Ovarian cancer

Specialty of Medical oncology

What is ovarian cancer?

The ovary is the organ which produces eggs in women. These eggs then travel to the uterus through the fallopian tubes during ovulation. Sometimes epithelial cells or germ cells inside the ovaries multiply excessively, generating a tumour mass inside the ovary itself.

There are several kinds of ovarian cancer:

  • benign tumours: for example, ovarian cysts
  • epithelial ovarian tumours: these represent more than 90% of ovarian malignancies and are arise from the epithelial cells surrounding the ovaries;
  • germinal tumours: this type of cancer comes from germ cells. These tumours make up for 5% of malignant ovarian cancers and almost exclusively affect children and young people;
  • stromal tumours: these are generally less dangerous and account for 4% of malignant ovarian tumours. This kind of cancer is derived from the gonadal stroma and it causes an uncontrolled hormone production (both male and female).

What are the symptoms of ovarian cancer?

The symptoms of ovarian cancer can be difficult to recognise, particularly early on, since in the early stages this kind of tumour is asymptomatic, and symptoms are similar to a number of other conditions. Symptoms can include:

  • bloating
  • loss of appetite
  • feeling the need to urinate frequently.

How is it diagnosed?

The most common tests to make a diagnosis are:

What causes ovarian cancer?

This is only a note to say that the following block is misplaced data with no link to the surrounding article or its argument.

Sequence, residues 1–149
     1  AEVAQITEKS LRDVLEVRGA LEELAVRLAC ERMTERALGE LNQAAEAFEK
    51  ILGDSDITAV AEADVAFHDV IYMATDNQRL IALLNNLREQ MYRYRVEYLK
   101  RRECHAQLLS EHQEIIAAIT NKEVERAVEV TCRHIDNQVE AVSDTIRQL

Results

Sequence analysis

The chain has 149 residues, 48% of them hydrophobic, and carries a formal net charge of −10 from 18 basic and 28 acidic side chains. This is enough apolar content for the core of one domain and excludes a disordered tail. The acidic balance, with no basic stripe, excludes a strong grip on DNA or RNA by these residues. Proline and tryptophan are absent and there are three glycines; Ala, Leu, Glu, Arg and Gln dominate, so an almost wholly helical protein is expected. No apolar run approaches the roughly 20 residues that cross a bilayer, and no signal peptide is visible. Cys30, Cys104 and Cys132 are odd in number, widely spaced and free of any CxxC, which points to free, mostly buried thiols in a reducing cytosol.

It is not clear yet what exactly causes ovarian cancer, but the following factors may increase your risk of getting ovarian cancer:

  • increasing age (especially after menopause)
  • never having carried a pregnancy to full term;
  • early menarche (first menstrual cycle)
  • late menopause
  • genetic predisposition: this affects 7-10% of women diagnosed with ovarian cancer and may cause the tumour to grow in younger women. If there have been several cases of breast cancer or ovarian cancer in your family, it may be helpful to see a genetic counsellor in order to know whether you’ve inherited a faulty gene.

How can it be prevented?

Compared to the general female population, women who have had children, women who have breastfed and women who take the combined contraceptive pill have a lower risk of getting this kind of cancer.

Although you cannot prevent ovarian cancer, the best way to minimise the impact of the condition if it develops is to get an early diagnosis. If you think you may be at a higher risk of ovarian cancer, an annual gynaecological check-up may increase your chances of detecting it early on.

How can it be treated?

The most common treatments for ovarian cancer are:

  • surgery
  • chemotherapy
  • radiotherapy: this is a palliative treatment aimed at relieving the pain from the cancer symptoms

Which doctor should I talk to?

You’ll see a gynaecologist for your first examination. If you are diagnosed with ovarian cancer, the doctor will advise you to see an oncologist.

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